But there wasn’t a fancy Point of Sale system. 840748_55174328There was a calculator and an old cash register with a wooden drawer that weighed about 20 lbs. The day I quit was the day the drunk Greek came out screaming at me in his native tongue. The restaurant was packed and I was the only waitress on staff. It took a customer to translate for me. I was being accused of stealing. $1. Yep one fucking dollar and this dude was going ape-shit on me in front of an entire restaurant full of hungry customers. I walked over to the big ass register and pulled the drawer to count it myself. That’s when a wadded up $1 bill fell on the floor that had gotten stuck behind said wood drawer. The money wasn’t missing. But the drunk proceeded to call me a “white cunt.” So I threw my order pad at him and walked away from Kathy’s Kitchen forever.

I finally had my license and a car so, I went to go work for two Italian broads down the road. It was a bigger truck stop and they didn’t abuse their staff. I worked there until I went off to college. Still, hours on my feet, speed (it was legal back then, sold over the counter) to keep me going because third shift didn’t like to come in on time. So there were days I wouldn’t get home until 1-2 a.m. then up at 6 to get ready for school. That was my life as a kid. I managed. I damaged my heart with all of the Ephadrine, but I managed.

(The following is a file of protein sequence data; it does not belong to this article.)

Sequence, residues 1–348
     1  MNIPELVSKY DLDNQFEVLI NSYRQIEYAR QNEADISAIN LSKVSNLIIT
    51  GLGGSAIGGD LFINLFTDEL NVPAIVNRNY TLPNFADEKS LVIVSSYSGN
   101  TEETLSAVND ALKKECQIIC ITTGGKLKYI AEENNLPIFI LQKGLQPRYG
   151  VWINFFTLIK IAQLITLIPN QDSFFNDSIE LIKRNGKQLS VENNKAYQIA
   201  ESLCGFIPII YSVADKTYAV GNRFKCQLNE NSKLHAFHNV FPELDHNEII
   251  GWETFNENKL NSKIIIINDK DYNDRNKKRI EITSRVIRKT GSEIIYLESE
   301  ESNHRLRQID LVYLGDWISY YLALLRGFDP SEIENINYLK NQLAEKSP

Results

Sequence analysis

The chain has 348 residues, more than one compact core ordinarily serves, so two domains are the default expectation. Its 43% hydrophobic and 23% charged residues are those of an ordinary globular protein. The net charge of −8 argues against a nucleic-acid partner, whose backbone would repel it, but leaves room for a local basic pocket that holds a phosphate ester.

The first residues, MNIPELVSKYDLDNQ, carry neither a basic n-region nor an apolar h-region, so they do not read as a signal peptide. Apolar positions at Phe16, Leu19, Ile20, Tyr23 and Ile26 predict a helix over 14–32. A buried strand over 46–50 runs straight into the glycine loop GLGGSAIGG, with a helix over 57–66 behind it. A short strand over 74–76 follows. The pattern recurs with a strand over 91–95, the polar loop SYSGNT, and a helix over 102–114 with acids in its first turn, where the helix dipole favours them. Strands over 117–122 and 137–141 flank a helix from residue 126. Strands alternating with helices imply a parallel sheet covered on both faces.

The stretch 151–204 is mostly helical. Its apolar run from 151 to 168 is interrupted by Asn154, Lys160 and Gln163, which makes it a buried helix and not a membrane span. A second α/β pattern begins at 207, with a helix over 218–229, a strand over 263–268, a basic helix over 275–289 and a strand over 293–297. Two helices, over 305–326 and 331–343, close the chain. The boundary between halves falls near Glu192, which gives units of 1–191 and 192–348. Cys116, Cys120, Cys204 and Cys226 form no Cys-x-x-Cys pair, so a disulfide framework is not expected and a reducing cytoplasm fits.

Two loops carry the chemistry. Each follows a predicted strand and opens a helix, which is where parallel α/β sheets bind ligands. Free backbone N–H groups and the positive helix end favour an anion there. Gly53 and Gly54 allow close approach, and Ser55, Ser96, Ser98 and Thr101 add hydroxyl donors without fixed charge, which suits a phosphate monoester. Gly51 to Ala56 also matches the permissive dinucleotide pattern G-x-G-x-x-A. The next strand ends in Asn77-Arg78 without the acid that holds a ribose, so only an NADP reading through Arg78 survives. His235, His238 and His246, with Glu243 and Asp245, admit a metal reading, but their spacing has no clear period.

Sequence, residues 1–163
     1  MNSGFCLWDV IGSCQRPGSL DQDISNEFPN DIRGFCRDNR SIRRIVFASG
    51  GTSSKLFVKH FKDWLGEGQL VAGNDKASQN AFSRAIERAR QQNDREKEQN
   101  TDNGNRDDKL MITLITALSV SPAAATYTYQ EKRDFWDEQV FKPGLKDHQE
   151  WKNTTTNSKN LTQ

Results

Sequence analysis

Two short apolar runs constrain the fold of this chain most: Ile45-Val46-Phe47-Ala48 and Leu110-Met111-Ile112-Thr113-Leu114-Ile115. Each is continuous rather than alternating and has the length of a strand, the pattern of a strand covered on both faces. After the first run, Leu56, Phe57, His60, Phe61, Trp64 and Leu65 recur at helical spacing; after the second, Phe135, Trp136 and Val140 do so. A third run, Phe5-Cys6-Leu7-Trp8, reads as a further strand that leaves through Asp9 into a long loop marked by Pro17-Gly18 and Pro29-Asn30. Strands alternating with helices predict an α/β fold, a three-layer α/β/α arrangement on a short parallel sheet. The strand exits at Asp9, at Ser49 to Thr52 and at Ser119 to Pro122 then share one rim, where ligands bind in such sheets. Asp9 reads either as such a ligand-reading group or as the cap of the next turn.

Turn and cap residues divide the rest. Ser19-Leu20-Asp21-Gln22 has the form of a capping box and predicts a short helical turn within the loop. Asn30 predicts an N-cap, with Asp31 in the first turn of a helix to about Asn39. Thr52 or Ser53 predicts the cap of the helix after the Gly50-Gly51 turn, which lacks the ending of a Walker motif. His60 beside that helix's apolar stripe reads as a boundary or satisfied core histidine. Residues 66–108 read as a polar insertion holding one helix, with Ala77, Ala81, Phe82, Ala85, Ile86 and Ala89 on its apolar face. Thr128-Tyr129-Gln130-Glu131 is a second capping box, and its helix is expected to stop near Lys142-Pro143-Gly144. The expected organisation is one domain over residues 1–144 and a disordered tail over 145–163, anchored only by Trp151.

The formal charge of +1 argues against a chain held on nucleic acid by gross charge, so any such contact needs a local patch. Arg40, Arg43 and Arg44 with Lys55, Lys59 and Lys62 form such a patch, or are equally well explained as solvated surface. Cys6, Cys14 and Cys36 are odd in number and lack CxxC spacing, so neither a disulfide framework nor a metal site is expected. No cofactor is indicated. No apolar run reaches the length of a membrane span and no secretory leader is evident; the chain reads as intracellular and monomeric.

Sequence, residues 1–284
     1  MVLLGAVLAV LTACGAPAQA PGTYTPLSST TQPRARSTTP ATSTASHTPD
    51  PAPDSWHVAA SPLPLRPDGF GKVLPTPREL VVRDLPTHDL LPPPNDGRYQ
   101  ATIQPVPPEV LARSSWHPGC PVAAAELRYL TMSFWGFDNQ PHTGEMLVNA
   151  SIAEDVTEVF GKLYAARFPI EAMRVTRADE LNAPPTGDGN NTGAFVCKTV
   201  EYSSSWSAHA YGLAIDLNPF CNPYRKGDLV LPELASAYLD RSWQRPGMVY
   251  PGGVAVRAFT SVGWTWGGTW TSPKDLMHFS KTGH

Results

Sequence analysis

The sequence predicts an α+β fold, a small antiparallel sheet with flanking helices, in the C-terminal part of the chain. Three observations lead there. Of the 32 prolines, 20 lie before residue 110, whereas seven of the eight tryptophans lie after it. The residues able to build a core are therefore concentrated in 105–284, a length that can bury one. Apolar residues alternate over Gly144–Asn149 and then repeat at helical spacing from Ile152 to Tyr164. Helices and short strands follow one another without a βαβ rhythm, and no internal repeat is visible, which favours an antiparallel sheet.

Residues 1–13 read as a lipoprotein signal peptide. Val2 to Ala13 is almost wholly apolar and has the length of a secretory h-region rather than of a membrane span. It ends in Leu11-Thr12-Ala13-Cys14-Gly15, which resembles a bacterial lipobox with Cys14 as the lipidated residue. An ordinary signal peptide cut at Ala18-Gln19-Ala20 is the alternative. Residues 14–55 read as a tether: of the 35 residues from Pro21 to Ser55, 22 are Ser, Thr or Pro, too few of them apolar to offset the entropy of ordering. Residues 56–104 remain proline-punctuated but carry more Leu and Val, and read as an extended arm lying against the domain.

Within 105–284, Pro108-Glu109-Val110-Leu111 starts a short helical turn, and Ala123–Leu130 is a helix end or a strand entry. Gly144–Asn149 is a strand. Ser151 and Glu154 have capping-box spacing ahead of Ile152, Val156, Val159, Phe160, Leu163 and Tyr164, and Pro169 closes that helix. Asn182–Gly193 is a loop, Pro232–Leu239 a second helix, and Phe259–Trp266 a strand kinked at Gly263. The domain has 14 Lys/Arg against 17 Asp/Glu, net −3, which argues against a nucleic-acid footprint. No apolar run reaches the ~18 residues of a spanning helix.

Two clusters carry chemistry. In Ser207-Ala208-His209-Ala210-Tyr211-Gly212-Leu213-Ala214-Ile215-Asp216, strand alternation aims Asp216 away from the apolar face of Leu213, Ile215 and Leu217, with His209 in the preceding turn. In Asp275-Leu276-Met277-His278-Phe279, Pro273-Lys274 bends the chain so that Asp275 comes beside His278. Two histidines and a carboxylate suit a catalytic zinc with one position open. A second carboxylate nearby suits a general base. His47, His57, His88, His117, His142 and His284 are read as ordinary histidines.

That was decades ago now. Gas was less than a dollar. I drove old vehicles that maybe squeaked out 10 miles to the gallon.

Parents and kids were smarter back then. We had to be. Dad took away my keys, so my cousin taught me how to hot wire my car. Dad figured out I’d installed a toggle switch so for the next grounding, he pulled my plug wires. SMARTER PARENTS. To this very day, I can hotwire a pre-80s car, thanks to my cousin, Chuck.  Hey, don’t judge. If the zombie apocalypse happens, I “got me some skillz.”

Dad made me change my own oil. He taught me how to change a tire. I learned a lot because I was made to. I wasn’t “busy” with Facebook. I wasn’t distracted with text messages. I wasn’t wrapped in bubble wrap. There was lead paint, CFCs, and riding bikes with no helmets and no seat belt laws.

The world around me has changed. I’ve changed with it. But damn. At 38 I feel old. I cannot imagine how the retirees feel.